Great answers, Doug! You know I hadn't thought about the Effinger books in years, but now you mention them I see the connection.

Good luck with SIS, and don't worry about getting back to us quickly - I'm sure everyone here is keen for you to hand it in on time so we can read it!
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Offline Nighteyes

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Re: Author Q & A
« Reply #9 on: December 27, 2011, 08:36:58 AM »
That's interesting as I haven't read much crime novels from the perspective of the thief (more usually from the detective POV, i.e. Holmes), with the exception of mafia based books, and barely watched any film noirs - so that's why I compared it to the mafia style books of Mario Puzo etc.... though the gangster films of the UK is another comparison (Italian Job, Lock Stock, Layer Cake, Sexy Beast etc or even a Yank comparison, Ocean's 11.)

So if your book was to be filmed, what actors would you populate it with?  Dodgy cockneys like Ray Winstone, Michael Caine and the cast of your average Guy Ritchie movie, or Italian Americans: James Godafini, Steve Buscemi, Joe Pesci, Ray Liota etc, or an entirely different cast?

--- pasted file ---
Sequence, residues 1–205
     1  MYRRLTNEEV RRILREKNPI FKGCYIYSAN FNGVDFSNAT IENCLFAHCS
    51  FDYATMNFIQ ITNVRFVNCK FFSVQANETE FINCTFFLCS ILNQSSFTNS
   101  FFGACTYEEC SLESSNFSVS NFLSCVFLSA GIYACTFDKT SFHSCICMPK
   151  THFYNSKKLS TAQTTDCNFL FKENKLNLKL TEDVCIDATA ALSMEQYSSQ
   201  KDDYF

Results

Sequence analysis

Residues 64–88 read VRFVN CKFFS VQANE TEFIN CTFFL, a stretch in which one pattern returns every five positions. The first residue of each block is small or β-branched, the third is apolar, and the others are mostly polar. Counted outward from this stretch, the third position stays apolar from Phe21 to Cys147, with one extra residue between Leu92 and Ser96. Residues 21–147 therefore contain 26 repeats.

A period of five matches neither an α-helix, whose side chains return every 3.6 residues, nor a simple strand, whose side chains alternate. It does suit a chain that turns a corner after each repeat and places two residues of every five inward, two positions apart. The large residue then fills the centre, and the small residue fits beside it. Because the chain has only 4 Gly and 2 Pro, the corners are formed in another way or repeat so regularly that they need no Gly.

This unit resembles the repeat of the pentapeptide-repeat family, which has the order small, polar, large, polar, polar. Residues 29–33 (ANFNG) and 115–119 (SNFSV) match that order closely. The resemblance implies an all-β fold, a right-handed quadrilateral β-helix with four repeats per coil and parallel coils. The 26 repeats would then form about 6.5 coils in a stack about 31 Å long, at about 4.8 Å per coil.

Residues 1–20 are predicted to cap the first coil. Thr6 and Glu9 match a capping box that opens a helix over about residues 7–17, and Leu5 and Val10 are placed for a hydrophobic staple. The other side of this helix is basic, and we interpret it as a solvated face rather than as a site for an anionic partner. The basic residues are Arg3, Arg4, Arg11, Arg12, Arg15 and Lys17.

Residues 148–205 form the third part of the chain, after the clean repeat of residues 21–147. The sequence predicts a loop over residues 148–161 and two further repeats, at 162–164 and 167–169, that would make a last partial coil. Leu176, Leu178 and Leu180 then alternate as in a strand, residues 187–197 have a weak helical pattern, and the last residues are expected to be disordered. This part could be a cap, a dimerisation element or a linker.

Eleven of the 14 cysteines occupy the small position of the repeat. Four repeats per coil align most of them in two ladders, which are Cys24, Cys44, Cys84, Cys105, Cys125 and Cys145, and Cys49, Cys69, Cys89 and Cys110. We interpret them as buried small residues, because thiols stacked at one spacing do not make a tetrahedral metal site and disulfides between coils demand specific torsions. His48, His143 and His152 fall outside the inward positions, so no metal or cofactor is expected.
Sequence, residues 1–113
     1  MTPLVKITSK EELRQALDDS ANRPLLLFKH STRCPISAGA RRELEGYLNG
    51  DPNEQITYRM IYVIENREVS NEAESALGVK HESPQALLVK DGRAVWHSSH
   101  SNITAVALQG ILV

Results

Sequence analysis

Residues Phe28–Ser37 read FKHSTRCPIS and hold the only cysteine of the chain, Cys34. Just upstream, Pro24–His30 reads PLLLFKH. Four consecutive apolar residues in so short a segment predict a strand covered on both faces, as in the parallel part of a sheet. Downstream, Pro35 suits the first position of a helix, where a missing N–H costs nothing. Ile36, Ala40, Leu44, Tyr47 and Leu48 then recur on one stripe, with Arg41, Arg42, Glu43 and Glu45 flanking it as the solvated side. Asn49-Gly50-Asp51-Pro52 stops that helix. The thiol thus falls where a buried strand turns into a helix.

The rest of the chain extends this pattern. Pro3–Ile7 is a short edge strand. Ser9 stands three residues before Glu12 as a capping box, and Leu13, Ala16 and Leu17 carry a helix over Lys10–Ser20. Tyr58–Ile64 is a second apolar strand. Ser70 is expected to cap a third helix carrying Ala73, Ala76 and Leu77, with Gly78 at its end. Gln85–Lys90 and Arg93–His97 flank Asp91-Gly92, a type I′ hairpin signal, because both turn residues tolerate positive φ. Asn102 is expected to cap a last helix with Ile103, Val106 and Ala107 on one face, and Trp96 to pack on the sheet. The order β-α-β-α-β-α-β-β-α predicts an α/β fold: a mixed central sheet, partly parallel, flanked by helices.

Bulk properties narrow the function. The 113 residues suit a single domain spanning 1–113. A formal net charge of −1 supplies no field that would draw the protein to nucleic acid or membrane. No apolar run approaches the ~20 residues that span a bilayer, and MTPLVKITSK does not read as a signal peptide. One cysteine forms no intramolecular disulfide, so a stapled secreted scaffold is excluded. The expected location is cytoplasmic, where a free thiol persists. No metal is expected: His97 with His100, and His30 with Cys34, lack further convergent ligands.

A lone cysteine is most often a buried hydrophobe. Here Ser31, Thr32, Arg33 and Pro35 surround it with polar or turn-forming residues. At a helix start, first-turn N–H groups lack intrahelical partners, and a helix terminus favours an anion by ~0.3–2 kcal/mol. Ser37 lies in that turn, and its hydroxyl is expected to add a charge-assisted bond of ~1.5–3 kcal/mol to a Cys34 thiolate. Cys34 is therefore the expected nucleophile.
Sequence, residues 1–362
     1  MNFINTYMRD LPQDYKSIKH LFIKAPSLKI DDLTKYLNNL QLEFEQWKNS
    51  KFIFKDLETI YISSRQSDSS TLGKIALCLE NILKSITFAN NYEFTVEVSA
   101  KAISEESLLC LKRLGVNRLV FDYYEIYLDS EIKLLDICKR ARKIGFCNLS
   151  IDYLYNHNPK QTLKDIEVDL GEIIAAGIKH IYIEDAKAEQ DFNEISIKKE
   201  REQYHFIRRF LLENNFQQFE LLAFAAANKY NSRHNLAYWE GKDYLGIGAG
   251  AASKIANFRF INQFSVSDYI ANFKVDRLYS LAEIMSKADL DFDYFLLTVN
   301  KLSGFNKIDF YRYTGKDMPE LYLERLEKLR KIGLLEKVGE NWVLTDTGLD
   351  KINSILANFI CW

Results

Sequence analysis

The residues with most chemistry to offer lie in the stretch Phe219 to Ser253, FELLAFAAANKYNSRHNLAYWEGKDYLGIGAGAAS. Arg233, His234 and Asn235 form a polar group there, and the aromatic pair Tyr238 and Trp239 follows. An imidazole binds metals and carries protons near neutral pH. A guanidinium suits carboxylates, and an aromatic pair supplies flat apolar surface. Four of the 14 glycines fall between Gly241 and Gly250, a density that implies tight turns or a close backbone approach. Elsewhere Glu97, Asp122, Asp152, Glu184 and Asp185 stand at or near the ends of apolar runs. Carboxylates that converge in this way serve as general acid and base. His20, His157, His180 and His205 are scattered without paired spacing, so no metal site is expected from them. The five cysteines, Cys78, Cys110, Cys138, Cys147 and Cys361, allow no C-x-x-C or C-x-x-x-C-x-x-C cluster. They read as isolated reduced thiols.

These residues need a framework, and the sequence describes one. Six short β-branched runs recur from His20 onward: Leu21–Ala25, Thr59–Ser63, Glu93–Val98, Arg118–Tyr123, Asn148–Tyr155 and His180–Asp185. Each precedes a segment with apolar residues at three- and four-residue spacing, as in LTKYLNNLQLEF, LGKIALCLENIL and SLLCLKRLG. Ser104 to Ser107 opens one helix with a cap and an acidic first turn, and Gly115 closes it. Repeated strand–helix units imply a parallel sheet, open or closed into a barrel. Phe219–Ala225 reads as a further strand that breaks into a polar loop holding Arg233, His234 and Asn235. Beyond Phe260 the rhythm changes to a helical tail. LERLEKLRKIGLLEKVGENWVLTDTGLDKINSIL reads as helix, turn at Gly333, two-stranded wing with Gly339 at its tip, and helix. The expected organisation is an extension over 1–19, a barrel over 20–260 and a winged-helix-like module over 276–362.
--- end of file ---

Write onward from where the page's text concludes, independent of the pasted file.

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Offline xiagan

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Re: Author Q & A
« Reply #10 on: December 28, 2011, 06:39:03 PM »
One of the hardest thing for me in 1st person is the world building. Here you have a secondary world with a narrator who is already intimately familiar with it since he grew up there. What need has he to tell you about how anything works? In a real world setting, this is a bit easier, since we all share a good number of common reference points; but when you have a new world with magic (which the narrator doesn't even understand or use), religion, politics, and so on? It gets tricky. That's part of the reason I made Drothe interested in history (the other part being that I'm interested in history, and like to make it up). I figured if I had a character who wanted to know how things had come to be in his world, that would give me an excuse to build some context for the reader while still staying true to the narrator's voice and character. Plus, if you talk about how something was, it also gives you an excuse to talk about how something is. :)